Thursday, November 19, 2009

Review: "Precious"

Clareece "Precious" Jones is one of the greatest cinematic heroes of all time.
In the movie that bears her name, she may not seem like such an admirable figure at first blush. She's 16 years old and illiterate, pregnant with her second child, morbidly obese and barely skating by in school.

But her life is such a crucible of pain, a never-ceasing litany of abuse and degradation, that just surviving makes her admirable. Persevering, and refusing to give in, make her braver than a hundred action stars.

"Precious" is everything you've heard, and more.

Technically, the full title is "Precious: Based on the Novel 'Push' by Sapphire." It's burdensome, but at least it will be interesting to see how they fit it on the title cards at next March's Academy Awards telecast, where this film is destined to be well-represented.

Gabourey Sidibe, in her first acting role, plays Precious. Outwardly, she is unexpressive, barely ever speaking and hardly allowing a flicker of emotion to visit upon her broad face. Inside her mind, though, is a flight of dreams and thoughts she uses to transport herself out of the hellhole that is her life -- fantasies about fame and fortune, and a "light-skinned boyfriend with good hair."

The source of her pain is her mother, who hurls epithets, blows and acidic vitriol at her only child. Played by Mo'Nique in a brave performance without an ounce of vanity, Precious' mother is a woman who lacks a life of her own -- she has no job, no romantic partner and no love to give. She feeds off Precious like a leech, forcing her to cook and clean while she sits all day in the house watching idiot TV.

Other women offer rays of hope into the girl's life, though. There is the social worker, played by Mariah Carey, who has the well-practiced indifference of a bureaucrat, but whose heart is touched by this poor, sad girl.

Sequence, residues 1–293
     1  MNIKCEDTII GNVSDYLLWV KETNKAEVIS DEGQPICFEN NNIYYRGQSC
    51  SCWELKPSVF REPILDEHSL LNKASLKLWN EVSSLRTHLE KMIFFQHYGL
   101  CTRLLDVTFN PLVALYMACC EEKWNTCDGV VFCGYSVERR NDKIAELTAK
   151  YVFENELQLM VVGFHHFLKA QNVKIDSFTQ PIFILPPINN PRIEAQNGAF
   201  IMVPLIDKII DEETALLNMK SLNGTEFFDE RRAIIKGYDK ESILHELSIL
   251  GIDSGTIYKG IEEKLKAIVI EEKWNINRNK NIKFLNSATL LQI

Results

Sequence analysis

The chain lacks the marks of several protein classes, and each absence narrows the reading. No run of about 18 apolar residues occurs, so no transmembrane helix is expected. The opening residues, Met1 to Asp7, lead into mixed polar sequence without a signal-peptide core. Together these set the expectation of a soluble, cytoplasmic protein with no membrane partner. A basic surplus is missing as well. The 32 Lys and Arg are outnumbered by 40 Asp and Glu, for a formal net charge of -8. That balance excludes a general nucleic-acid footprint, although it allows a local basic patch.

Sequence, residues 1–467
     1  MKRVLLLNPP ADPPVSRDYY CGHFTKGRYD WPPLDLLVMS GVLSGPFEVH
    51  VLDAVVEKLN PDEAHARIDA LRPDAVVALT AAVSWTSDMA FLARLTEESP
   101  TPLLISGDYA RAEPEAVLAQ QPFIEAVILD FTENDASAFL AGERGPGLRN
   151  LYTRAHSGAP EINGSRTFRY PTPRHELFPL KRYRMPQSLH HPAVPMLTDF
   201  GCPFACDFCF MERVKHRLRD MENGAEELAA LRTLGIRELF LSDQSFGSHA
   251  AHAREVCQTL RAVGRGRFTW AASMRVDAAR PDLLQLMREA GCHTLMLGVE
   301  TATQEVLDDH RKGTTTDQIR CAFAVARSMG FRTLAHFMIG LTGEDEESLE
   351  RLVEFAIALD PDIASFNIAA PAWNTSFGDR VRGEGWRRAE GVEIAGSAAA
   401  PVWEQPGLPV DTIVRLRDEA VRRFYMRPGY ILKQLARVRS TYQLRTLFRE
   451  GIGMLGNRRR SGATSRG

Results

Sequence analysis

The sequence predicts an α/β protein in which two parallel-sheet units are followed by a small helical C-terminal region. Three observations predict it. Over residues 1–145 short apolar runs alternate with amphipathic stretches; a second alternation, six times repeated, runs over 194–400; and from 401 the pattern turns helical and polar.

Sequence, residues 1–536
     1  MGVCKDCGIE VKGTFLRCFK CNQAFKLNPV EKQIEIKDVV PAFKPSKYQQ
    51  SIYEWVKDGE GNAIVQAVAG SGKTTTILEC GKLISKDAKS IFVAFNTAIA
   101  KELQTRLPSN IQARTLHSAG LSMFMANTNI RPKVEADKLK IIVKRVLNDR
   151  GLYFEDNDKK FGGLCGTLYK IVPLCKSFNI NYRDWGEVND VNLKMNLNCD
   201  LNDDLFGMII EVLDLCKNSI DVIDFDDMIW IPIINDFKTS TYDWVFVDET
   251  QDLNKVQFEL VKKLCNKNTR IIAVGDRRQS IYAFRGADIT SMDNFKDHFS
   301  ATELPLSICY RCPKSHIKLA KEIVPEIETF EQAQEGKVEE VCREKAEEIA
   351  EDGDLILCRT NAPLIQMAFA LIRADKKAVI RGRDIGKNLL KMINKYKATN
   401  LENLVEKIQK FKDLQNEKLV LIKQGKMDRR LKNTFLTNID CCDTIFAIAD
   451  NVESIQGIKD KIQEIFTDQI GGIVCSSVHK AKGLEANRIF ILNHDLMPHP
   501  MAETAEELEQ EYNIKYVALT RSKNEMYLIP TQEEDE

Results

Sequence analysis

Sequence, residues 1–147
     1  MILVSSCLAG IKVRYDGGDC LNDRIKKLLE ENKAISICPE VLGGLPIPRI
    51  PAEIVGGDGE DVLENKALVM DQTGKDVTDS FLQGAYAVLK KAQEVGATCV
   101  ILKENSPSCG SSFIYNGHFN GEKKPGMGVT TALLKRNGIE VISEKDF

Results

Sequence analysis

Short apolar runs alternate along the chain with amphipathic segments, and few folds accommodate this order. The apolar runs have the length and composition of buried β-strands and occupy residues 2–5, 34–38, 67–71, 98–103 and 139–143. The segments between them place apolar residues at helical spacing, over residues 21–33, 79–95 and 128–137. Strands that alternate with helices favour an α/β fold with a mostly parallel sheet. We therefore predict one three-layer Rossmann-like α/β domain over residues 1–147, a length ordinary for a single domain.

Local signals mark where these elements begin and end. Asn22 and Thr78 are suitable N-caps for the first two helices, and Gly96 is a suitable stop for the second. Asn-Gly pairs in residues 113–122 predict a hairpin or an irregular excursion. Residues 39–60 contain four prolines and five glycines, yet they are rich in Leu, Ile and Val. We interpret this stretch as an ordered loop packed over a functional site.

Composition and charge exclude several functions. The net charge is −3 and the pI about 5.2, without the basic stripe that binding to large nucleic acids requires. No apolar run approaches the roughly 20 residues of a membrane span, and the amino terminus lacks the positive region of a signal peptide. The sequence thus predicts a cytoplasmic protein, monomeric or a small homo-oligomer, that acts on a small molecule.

And there is Ms. Rain (Paula Patton), the teacher at the alternative school where Precious is placed after getting thrown out of her own institution. Ms. Rain is pretty, well-educated and represents a world that is alien to Precious. When she is invited to stay in her teacher's home to get away from her mother, Precious listens to Ms. Rain and her partner converse and thinks, "They talk like TV channels I don't watch."

I will not lie: "Precious" is a tough, tough film to watch. I've held off telling you some of the most terrible deeds portrayed in the movie, in hopes of not scaring you off. But you need to know.

Precious was raped by her own father, who sired both her expected baby and her first child -- who has Down's Syndrome and is referred to as "Mongo," short for mongoloid. Her mother did nothing to prevent this, and indeed her metastasizing hatred for Precious is based on her belief that her daughter stole her man away from her.
These acts are unspeakable. Even the bravest souls would want to wither and die from being touched by them.

But Precious keeps going. She has struggles, experiences setbacks and moments of despair. But with the help of Ms. Rain and a handful of fellow troubled students, Precious never quits.

This extraordinary film was directed by Lee Daniels from a screenplay by Geoffrey Fletcher. It is a portrait of human ugliness that is nearly unbearable to watch. But it's a movie that cries out to be seen, wept over, discussed -- and cherished.

3.5 stars out of four

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